Gather cost estimates for each job or item and create a chart with columns for high-, medium- and low-cost options. Don’t forget supplies for do-it-yourself projects and always add an extra 20 percent or more for unexpected expenses. If contracted labor is involved, gather three estimates and carefully check references and business licenses. Also, ask about discounts for grouping multiple projects together.

Choosing a Car That’s Right for You


Choosing a car is a little bit like dating. There are so many different cars out there. What do you need in a car? What do you prefer in a car? Is there that special connection when you’re driving it?

But unlike dating (or just like dating, depending on your outlook), you can settle for a vehicle that fits your needs right now, even if you can’t see yourself in it long term. And as long as you’re smart about the financing, it’s easy enough to trade it in for a newer model when it no longer suits your needs.

Make an inventory of your needs:

  • What will you use the car for most? If you’re just driving back and forth to work, all you need is a dependable car with good gas mileage. If you have to haul around kids, you need it to be roomy. If you entertain clients, it needs to have some style and class. You get the idea.
  • Where do you live? You may need four-wheel drive or front-wheel drive. It needs to be able to withstand some major wear and tear if you live on a bumpy gravel road.
  • Do you drive in stop-and-go traffic often? That may make an automatic transmission a necessity.

Comparing Vehicles
Now that you have a list of your needs, it’s time for more research. There is an awful lot of research, isn’t there? There are thousands of models to choose from. But your needs should help narrow them down fairly quickly.

Auto magazines are a great place to get less biased information about particular models and the advantages/disadvantages associated with them. Consumer Reports is a very thorough publication with a reputation for bias-free reporting.

Dealerships are often the worst place to get information. They have a lot of material, but it is very heavily biased and you may have to endure a strong sales pitch just to get simple information. If you visit the dealership when they are closed, you can look at the cars and read the information on the vehicles without worrying about the salespeople. You can also get a lot of information from the manufacturer’s Web site and literature, but stick to the facts they provide since much of the material will be heavily biased.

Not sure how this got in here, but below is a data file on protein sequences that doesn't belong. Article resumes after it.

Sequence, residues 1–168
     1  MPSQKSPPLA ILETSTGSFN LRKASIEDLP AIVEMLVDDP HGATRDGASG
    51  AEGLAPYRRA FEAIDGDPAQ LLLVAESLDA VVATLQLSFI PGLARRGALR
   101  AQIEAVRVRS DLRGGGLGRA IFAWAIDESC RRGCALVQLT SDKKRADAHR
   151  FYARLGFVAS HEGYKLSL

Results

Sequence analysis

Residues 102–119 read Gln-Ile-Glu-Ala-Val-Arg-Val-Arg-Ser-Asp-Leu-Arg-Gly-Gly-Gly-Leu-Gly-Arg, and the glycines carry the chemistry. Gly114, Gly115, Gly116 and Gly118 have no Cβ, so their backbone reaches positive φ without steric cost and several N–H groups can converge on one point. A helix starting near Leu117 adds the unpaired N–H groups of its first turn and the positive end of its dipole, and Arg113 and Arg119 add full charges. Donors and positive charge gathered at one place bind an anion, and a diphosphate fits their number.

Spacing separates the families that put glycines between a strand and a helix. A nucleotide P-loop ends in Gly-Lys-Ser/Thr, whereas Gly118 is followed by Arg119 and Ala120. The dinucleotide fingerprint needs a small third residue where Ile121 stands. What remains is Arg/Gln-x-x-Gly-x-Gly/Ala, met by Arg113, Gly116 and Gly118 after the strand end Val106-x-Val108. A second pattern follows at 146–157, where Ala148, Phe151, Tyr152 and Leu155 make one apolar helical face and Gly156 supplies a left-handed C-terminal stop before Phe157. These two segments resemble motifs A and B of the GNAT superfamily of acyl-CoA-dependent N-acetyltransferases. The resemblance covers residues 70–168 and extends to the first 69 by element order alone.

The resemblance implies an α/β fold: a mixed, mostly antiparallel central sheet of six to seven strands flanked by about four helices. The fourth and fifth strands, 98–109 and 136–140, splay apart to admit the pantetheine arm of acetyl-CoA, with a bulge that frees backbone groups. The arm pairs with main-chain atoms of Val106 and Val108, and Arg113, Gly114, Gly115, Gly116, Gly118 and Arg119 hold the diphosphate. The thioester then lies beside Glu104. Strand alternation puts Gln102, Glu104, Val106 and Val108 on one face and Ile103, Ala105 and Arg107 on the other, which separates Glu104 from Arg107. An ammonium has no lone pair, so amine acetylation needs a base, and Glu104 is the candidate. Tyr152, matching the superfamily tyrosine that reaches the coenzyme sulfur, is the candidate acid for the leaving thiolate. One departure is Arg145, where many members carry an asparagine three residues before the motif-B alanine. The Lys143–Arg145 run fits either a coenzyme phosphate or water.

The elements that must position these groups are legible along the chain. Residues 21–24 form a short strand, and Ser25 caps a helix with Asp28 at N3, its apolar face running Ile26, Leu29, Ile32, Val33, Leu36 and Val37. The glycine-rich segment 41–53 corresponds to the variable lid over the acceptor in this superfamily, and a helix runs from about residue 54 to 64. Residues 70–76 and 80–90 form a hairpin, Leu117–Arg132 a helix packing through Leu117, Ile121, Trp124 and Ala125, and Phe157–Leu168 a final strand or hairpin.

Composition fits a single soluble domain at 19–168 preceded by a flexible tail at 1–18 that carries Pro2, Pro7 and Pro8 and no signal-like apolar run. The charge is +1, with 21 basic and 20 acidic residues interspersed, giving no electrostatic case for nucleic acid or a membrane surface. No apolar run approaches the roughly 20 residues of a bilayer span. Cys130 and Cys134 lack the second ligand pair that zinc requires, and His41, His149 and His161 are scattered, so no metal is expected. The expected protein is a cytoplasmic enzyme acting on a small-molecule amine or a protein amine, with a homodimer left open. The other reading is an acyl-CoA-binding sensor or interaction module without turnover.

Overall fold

Great sources of information are your friends and family or even strangers. Find others who have owned the model you are interested in. Ask about their experience with it.

Take special care in buying a first-year model, meaning the first year a manufacturer produces a certain model of car. The first year is a time to iron out the kinks and you may become an unwilling guinea pig and have unforeseen problems that the manufacturer will correct for the next year’s model.

The Test Drive
You’ve compared numbers and features. You’ve checked into the gas mileage. Now it’s time to put away all the theory and speculation and get to the point of choosing a car – how it drives.

You have to be able to focus when test-driving a car. If you go to a dealership to test-drive cars, make sure the salesperson gives you some space to make your decision. As a matter of fact, tell the sales team you have no intention of buying on that day. They should leave you alone long enough to test-drive without distraction. If they don’t, be sure to avoid them when you’re going to actually buy a car. If they get too pushy, go to another dealership for your test drives.

If you’re not comfortable with visiting dealerships just for a test drive, try renting the cars you are interested in. It may cost you $100 to try out your top favorites, but you’re paying for the freedom of driving a whole day without listening to any sales pitches.

Compare the Dealerships
Shopping for a dealership is just as important as the other comparisons you have been doing. It can help you save a lot of money AND ensure that you have some customer support while you’re still under warranty.

All dealerships pay the same price for the cars in the beginning. But don’t let them fool you. Dealerships with better CSI ratings (Customer Satisfaction Index ratings) often get better bonuses that allow them to offer you a better price.